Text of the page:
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Call to revitalize ‘language of the ancestors’ for survival of future generations
by UNESCO, OHCHR, UN News, agencies
Feb. 2019
Hundreds of ancestral languages have gone silent in recent generations, taking with them the culture, knowledge and traditions of the people who spoke them. To preserve and revitalize those that remain, the United Nations has officially launched the International Year of Indigenous Languages.
Delivering inaugural remarks, Kanentokon Hemlock, a Mohawk community Bear Clan Chief from Kahnawke, paid tribute to Mother Earth.
“As indigenous people, our languages are those of the earth and it is those languages that we use to speak with our mother”, he said, saying “the health of our languages is connected to the health of the earth”, which is being abused.
“We lose our connection and our ancient ways of knowing of the earth when our languages fall silent”, he explained, stressing that “for the sake of future generations we must ensure they too can speak the language of our ancestors”.
The President of the UN General Assembly, Maria Fernanda Espinosa Garces highlighted the close connection between indigenous languages and ancestral culture and knowledge, saying that “they are much more than tools for communication, they are channels for human legacies to be handed down”.
“Each indigenous language has an incalculable value for humankind”, she said, calling each “a treasure laden with history, values, literature, spirituality, perspectives and knowledge, developed and garnered over millennium”.
“When a language dies,” she spelled out “it takes with it all of the memory bound up inside it”.
Indigenous languages are symbols of their people’s identity, “vectors for values, ways of life and expressions of their connections with earth”, according to the Assembly president, who called them “crucial” for survival.
Indigenous languages also open the door to ancestral practices and knowledge, such as in agriculture, biology, astronomy, medicine and meteorology. Although there are still 4,000 in existence across the globe, many are on the brink of extinction.
“This International Year must serve as a platform from which we can reverse the alarming trend of the extinction of indigenous languages”, to recover and preserve them, including by implementing education systems that favor the use of a Mother tongue, Ms. Espinosa stated.
Evo Morales, President of Bolivia, addressed the survival of indigenous people and languages under the force of colonialization.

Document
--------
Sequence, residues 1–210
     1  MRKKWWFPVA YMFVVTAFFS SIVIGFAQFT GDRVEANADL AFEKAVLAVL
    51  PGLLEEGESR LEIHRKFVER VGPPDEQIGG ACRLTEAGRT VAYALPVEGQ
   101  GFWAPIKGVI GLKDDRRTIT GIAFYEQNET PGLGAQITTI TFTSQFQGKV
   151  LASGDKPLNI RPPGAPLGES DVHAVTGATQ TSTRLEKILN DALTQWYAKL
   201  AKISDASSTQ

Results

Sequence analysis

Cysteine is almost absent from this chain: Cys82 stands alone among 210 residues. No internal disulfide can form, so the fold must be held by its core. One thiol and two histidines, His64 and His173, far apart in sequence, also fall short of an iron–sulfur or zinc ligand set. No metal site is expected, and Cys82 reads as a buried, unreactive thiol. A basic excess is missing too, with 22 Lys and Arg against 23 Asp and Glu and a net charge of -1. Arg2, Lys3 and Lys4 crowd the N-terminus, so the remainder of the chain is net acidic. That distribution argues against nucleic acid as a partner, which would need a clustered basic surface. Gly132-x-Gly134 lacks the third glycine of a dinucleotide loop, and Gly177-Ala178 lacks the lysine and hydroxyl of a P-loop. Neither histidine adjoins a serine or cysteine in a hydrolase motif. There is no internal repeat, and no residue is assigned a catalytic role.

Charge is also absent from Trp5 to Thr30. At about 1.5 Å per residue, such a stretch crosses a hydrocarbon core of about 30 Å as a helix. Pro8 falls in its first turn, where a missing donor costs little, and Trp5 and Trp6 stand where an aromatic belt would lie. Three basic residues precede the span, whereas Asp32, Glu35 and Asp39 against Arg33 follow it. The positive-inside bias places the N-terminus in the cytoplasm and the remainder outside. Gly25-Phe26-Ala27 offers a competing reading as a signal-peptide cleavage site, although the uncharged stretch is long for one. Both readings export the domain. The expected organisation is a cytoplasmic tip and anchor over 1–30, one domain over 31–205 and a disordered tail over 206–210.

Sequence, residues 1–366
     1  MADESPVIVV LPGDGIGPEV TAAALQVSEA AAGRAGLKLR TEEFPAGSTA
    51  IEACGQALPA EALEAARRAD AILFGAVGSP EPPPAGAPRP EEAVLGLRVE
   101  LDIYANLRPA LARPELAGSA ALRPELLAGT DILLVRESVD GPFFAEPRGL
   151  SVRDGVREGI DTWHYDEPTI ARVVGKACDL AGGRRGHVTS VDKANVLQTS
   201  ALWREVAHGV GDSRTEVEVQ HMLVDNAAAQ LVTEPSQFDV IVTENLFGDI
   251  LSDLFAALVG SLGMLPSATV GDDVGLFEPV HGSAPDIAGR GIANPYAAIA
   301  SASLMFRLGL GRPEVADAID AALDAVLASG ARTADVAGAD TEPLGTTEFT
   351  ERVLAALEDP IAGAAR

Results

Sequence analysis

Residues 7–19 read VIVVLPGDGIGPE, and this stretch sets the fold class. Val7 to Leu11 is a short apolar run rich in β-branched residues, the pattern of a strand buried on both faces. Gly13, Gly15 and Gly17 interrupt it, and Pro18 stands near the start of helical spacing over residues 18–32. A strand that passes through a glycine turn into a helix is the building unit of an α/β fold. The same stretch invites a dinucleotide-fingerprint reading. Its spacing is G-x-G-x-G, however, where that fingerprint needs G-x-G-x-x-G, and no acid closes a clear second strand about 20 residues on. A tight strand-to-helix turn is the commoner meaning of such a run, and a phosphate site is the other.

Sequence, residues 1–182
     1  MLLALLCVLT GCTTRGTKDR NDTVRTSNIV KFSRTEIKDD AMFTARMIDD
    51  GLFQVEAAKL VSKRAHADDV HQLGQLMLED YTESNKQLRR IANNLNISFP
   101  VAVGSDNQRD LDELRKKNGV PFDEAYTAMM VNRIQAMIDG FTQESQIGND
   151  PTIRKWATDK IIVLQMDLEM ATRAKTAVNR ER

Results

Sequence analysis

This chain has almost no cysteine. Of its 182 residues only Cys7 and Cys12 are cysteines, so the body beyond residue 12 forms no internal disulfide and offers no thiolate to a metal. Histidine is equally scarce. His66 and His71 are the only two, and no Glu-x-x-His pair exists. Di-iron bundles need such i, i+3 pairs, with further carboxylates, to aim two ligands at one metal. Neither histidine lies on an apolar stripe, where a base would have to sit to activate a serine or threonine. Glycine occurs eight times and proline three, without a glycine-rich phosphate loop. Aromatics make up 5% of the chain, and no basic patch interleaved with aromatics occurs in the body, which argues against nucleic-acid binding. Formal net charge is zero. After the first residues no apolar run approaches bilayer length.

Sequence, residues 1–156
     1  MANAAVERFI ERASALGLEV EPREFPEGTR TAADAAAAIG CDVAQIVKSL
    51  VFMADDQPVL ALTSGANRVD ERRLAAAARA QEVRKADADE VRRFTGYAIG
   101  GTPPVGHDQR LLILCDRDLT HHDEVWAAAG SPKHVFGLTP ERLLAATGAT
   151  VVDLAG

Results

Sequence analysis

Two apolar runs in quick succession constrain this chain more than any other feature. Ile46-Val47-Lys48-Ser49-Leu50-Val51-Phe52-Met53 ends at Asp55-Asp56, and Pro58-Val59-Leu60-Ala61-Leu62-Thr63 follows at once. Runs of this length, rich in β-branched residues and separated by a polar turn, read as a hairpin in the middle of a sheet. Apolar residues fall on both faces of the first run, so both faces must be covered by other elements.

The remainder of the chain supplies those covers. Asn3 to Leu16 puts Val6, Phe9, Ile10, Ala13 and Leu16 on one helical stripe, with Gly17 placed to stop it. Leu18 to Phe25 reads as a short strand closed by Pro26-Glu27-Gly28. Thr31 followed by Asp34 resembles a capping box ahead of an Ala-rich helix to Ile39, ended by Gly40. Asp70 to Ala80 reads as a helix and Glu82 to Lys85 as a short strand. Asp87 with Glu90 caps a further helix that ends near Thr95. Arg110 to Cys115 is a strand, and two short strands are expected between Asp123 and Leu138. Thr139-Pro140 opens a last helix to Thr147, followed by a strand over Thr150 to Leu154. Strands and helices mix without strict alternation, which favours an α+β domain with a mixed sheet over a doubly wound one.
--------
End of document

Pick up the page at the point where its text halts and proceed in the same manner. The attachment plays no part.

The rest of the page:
“Today we come here having survived the colonial era which has tried to bring our elders to their knees and squash them beneath the weight of injustice”, he said.
Mr. Morales called on everyone to work together through dialogue to promote policies which help to preserve Indigenous lives, identities, values and cultures.
There are 770 million Indigenous people across 90 countries, constituting six per cent of the global population, living in many biodiverse regions, the President noted. And yet “capitalist greed” has left them among the poorest 15 per cent of the population.
Warning that greed was driving the move to annex yet more indigenous resources, he said that there was a “criminal silence” on the part of world leaders “when it comes to speaking out against these phenomena”, pointing out the hypocrisy of lecturing indigenous people about democracy and human rights, while quashing their community identities and suppressing languages at risk of dying out.
“Language is culture, language is an expression of a cosmovision and that is a way of seeing the world”, he said. “If languages disappear… the memories that they bear will disappear as well as the people that speak them”.
Encouraging everyone to “preserve the knowledge and wisdom of our ancestors”, Mr. Morales urged that a new paradigm be ushered in, one which is the fruit of indigenous peoples and “champions the Mother Earth”.

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U.S. shutdown cut deep for Native Americans
by Reuters, Indian Country Today
Jan. 2019
The Pawnee Nation of Oklahoma used a GoFundMe page and its own money to feed its many members who were furloughed or worked without pay during the U.S. government shutdown.
On their reservation in Eagle Butte, South Dakota, the Cheyenne River Sioux used third-party funds and dipped into tribal funds to provide food assistance.
The 35-day partial government shutdown affected 800,000 federal workers, but Native Americans were especially vulnerable because they rely mostly on federal contracts for services and jobs in the Bureau of Indian affairs for incomes.
Ivan Looking Horse, a spiritual leader at the Cheyenne River Sioux reservation in Eagle Butte, South Dakota, said they had prepared for an even longer shutdown in the midst of a harsh South Dakota winter along the Cheyenne River.
"We are the First Nations'' people. We know how to survive," he said after President Donald Trump announced an end to the 35-day partial government shutdown.
Federal workers caught a reprieve after Trump agreed to reopen the government until Feb. 15, without getting the $5.7 billion he had demanded for a border wall. Over the next 18 days lawmakers in the ideologically divided Congress will try to craft a border security bill acceptable to Trump.